It is that time of year again when investors look back on the previous twelve months and reflect on how their investments have performed, while also making plans for the New Year. Many investors measure their returns against some benchmark like the S&P 500 (SPX) or perhaps the Dow Industrials. Dividend Growth Investors may choose to reflect on how much additional income their portfolio is generating. In the past, I have always measured my portfolio performance against the S&P 500. If I could not beat the S&P 500 with my stock picking, than there was no reason to spend time picking stocks. It would be easier to put my money in an S&P 500 fund and be happy matching the overall market returns. In four out of the last five years I have beaten the S&P 500, but I won't this year. Fortunately, I learned this year that it does not matter.
A few months back I wrote an article titled "Buffett Agrees - Doing Nothing is the Path to Investment Success". The article generated quite a few page views and comments, one comment in particular resonated with me. The comment was made by Seeking Alpha member "Chowder" who said the following about beating the S&P 500
"I swear, every time I hear you can't beat the S&P 500 or how did you compare to the S&P 500, I want to scream! Stop being a lemming! Stop allowing the market to lead you by the nose.
My advice is to stop worrying about everyone else and what everyone else is doing. In my humble opinion, the first job of investing should be to acquire income replacement." Chowder went on to add "The only thing that matters to me is whether my portfolio and income are moving forward or not."
Chowder is right; beating the S&P 500 should not be your ultimate goal, making progress on whatever investment goal you have, should be how you judge your year. My goal is to create a self-sustaining portfolio of dividend growth stocks where I can watch my income grow every year and also generate some capital gain. I am not looking for rocket-ships; I am happy owning stocks that have a sustainable product, some competitive advantage, little down side, strong balance sheet, and generous growing dividends. With that as a goal, I feel good about how the year has turned out. I added two new holdings that I believe will provide nice steady returns for years to come, I minimized my trading, a weakness I have to work at controlling and I increased my expected yearly income by 23%. Most importantly, the portfolio I have now, which consists of Exxon Mobil (NYSE:XOM), McDonald's (NYSE:MCD), Coca-Cola (NYSE:KO), Kinder Morgan (NYSE:KMI) and Walgreen (WAG) are all solid companies that will grow their business and their dividend for years to come.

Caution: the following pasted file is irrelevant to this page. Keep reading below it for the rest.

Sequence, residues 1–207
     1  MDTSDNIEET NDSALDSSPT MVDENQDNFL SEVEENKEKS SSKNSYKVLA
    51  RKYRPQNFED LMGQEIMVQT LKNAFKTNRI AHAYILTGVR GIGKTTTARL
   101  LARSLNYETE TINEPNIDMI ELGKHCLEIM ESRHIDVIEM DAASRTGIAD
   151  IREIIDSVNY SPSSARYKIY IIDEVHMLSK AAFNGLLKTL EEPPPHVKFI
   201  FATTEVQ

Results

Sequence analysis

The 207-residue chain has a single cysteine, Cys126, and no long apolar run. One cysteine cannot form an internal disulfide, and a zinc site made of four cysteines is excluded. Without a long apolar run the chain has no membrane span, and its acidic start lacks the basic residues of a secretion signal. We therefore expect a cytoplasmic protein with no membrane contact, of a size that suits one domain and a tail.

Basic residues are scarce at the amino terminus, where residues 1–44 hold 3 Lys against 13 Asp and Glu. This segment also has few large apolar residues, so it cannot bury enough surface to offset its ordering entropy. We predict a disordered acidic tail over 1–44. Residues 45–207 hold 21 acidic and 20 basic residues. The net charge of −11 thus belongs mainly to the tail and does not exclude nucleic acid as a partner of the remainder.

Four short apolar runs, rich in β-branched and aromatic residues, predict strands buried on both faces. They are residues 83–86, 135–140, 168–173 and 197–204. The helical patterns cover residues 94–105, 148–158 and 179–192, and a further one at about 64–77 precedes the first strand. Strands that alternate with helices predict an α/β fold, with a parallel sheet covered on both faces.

My portfolio at the start of 2012.
|Company||Cost Basis||Price as of 01/02/12|
In 2011, I bought and sold a number of stocks, an activity I do not like engaging in, so near the end of the year I sold several positions to get the portfolio down to my four best holdings and to create cash for opportunities in 2012. All of the stocks I held at the end of 2011 had big runs to close out the year, so I expected 2012 would be a less rewarding year and that is what has happened.
2012 Portfolio Activity
Sold Philip Morris (NYSE:PM) - In January I sold PM at $76.31, which was a 21% gain from the purchase price. I like the PM business and believe international tobacco has years of earnings growth in front of it, but as I have stated before, I am never comfortable owning tobacco stocks. I worry about government regulation, litigation, increased tobacco taxes and other issues. I do not like owning stocks that I worry about, so I sold PM.
Bought and Sold Enterprise Product Partners (NYSE:EPD) - Enterprise Product Partners is one of my favorite stocks, in my opinion, they manage the pipeline business better than anyone else. The assets they own, all of which connect to each other, allows EPD to generate significant income from the pipelines and the processing plants they own. In addition, because EPD has no General Partner, all the income they generate goes to the shareholders and are not shared with a General Partner.